More and more the news covers stories about the ultra-rich giving away their wealth, namely Bill Gates and Warren Buffet. Even Canada’s own Paul Martin has established a charitable foundation which benefits First Nations peoples. The same can be said for many of Canada’s leading families.
There is no doubt there is a growing income gap between ‘staff’ and ‘management’, the middle class, the rich and the ultra-rich.
The growing poverty in third world countries is an ever-challenging world problem.
Moreover, in recent years there has been a considerable reduction in government spending for charities and public institutions. The ones we are most familiar with and that affect us the most are hospitals, health care and education.
An environment of philanthropy
All these factors have come together to create the perfect environment for philanthropy.
Philanthropy has become a pervasive part of our local culture, from collecting bottles for the LCBO for cash to donate to leukemia, to school fundraisers, to appreciating the musician in the subway.
There are many ways to give to charity:
• The annual gift
• A gift from your estate
• Establishing your own private foundation
Annual charitable donations
The annual gift is the donation to those charities we each participate in every year. It is the drive to build a new wing on a hospital, children’s charities, research for cures, the arts, world charities and much, much more. For each charitable donation you make you receive a charitable tax receipt which can be used to reduce annual income tax.
The tax benefits of annual charitable donations
A gift donated to a registered charity may be eligible for a charitable tax credit. Often a charitable gift is used to redirect tax dollars to a specific cause. Planned charitable gifts represent a large portion of many charities’ annual revenue. These gifts pay for much needed research, public assistance and community support.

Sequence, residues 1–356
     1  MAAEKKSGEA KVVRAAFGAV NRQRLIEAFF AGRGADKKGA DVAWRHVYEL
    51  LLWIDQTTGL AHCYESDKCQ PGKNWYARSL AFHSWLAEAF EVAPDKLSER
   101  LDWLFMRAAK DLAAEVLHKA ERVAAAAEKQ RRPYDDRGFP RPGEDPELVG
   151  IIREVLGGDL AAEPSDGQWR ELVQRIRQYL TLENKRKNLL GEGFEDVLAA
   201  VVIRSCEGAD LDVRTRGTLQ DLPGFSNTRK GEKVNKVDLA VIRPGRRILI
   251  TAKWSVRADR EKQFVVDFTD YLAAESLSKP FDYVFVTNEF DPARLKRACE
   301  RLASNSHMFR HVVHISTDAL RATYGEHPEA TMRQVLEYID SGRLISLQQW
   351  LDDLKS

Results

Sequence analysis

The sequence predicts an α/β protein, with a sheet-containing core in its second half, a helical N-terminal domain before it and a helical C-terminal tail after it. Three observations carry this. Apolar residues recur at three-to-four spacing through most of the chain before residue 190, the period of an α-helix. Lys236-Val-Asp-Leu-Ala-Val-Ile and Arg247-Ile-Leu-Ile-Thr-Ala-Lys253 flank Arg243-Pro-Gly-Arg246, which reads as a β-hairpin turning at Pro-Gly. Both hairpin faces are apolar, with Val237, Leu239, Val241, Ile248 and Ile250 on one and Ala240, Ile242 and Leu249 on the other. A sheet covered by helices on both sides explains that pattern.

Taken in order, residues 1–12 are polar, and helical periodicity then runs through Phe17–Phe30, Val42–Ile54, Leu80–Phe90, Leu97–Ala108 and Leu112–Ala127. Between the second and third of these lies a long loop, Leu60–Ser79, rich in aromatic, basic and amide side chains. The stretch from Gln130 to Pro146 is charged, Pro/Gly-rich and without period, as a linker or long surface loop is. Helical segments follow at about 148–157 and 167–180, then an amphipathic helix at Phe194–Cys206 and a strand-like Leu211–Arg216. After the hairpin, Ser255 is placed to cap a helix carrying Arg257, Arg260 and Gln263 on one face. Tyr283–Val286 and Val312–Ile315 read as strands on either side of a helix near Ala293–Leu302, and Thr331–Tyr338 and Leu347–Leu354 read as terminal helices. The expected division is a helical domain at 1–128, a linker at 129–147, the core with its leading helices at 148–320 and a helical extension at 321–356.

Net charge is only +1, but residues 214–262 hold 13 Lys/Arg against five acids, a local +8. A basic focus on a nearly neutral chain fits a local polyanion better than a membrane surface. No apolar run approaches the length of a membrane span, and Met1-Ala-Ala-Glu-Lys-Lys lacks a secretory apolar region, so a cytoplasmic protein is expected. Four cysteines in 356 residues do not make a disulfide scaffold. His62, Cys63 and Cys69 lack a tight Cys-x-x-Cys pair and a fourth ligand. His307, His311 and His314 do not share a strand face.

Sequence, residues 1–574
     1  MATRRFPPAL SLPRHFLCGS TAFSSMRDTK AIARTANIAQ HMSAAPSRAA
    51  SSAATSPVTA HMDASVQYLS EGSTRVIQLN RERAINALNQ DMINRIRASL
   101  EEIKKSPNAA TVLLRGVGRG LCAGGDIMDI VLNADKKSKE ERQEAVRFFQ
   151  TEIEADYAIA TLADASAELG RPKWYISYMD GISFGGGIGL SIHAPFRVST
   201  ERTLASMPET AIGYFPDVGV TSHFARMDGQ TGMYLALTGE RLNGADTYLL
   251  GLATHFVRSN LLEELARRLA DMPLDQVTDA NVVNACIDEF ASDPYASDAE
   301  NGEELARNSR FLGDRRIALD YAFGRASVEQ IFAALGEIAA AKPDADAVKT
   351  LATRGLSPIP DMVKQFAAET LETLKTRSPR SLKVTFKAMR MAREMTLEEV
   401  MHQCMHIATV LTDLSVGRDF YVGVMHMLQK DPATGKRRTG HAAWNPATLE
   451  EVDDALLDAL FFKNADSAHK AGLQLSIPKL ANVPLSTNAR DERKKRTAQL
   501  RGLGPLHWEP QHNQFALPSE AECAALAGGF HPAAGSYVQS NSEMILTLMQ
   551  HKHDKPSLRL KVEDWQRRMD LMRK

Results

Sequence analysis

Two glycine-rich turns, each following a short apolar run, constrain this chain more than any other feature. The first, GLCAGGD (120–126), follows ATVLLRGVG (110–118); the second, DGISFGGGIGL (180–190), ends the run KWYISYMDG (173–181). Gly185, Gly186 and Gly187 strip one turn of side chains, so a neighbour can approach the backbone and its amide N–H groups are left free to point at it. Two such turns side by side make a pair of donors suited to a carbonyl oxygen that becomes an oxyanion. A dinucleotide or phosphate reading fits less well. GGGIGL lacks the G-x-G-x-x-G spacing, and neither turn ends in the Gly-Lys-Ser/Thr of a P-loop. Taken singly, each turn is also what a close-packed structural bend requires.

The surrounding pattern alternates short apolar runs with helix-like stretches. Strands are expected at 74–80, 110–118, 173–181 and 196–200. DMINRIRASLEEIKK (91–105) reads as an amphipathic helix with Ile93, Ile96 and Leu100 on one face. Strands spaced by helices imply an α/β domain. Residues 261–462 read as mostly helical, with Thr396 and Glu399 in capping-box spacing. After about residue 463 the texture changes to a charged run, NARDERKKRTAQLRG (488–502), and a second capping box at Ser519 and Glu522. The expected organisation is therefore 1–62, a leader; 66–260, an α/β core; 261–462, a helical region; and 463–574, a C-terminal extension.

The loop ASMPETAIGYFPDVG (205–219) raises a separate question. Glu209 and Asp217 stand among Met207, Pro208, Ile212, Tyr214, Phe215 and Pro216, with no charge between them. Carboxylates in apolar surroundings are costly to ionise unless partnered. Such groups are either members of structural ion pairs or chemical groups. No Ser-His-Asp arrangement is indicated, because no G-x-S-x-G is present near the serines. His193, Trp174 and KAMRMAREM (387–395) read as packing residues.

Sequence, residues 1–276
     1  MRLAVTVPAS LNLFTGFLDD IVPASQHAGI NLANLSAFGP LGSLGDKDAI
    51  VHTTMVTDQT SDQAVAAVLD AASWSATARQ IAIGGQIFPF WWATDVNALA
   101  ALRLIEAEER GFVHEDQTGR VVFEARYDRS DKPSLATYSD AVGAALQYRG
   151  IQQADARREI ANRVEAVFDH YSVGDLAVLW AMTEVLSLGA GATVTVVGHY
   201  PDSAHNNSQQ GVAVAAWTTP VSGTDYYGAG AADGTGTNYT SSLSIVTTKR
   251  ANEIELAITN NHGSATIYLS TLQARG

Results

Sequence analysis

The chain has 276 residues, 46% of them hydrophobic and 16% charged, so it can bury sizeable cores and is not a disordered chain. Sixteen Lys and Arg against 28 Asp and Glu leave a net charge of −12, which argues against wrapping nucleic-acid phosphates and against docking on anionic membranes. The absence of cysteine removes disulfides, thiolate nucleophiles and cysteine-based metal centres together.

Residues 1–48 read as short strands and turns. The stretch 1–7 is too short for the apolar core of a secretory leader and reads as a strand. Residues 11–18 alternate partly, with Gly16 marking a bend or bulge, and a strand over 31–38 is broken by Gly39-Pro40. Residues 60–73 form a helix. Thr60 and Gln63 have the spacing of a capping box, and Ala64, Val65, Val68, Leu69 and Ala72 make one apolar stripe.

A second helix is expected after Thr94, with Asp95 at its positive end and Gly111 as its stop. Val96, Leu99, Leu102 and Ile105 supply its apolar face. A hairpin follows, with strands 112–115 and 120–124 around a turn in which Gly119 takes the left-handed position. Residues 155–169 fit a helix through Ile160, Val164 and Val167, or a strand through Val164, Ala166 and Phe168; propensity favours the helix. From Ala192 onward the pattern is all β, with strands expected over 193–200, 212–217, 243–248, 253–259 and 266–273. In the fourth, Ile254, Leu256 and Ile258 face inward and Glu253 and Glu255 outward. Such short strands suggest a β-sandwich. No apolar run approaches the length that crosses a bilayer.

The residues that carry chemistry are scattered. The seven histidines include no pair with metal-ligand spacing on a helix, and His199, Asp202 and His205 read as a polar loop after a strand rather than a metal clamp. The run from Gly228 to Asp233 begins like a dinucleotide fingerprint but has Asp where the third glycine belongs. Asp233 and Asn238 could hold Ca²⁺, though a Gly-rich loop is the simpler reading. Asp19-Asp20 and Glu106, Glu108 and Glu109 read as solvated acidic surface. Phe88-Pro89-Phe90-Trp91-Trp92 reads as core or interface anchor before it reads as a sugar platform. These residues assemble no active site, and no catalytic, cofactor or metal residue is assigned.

The federal tax credit for charitable donations is equal to:
• 15 per cent of the first $200
• 29 per cent of the balance
The limit for an annual charitable gift is 75 per cent of net income.
Donating publicly-listed securities, mutual funds or segregated funds to a registered charity offers tax advantages over donating cash. Consult your financial or professional advisor for more information.
The tax benefits of charitable donations from your estate
A gift from your estate is a long term gift. It can be made with assets from your estate or life insurance.
If you are not sure which charity you would like to benefit today you can opt to use a Community Foundation to manage your capital donation to a various charities. The Community Foundation will make annual donations to your choice of charities. If the need arises the Community Foundation can redirect your donation.
Seeking advice from your professional advisors (lawyer and accountant) is essential for determining the structure of the donation from your estate.
Tax Benefits of Estate Charitable Donations
The eligible amount of charitable gifts in the year of death include any annual gift as well as those gifts the individual bequeathed in the will. The amount claimed must be the lesser of 100 per cent of the deceased person’s net income; and, under proposed changes, the eligible amount of the gift(s) donated in the year of death (including gifts by will), plus the unclaimed portion of the eligible amount of any gifts made in the five years before the year of death.
Any excess can be claimed on the return for the previous year (up to 100 per cent of the deceased’s net income for that year).
See the CRA publication Gifts and Income Tax 2011.
Private Charitable Foundations
In the majority of situations, the reason a donor establishes a private foundation is the individual was personally involved in philanthropy. A private foundation offers flexibility and gives the donor an opportunity to engage their families directly in charitable giving.
Generally, the individual is at the stage of life when they have time to devote to the foundation work and would like to be involved directly with the projects. Experience has taught them they have more control when it comes to decisions regarding grants to charities and collaboration with other funders. And of course, there is the tax incentive.
There are many motivations for donating to charities. Putting aside the tax incentive, it is our desire to give back to the community and to society.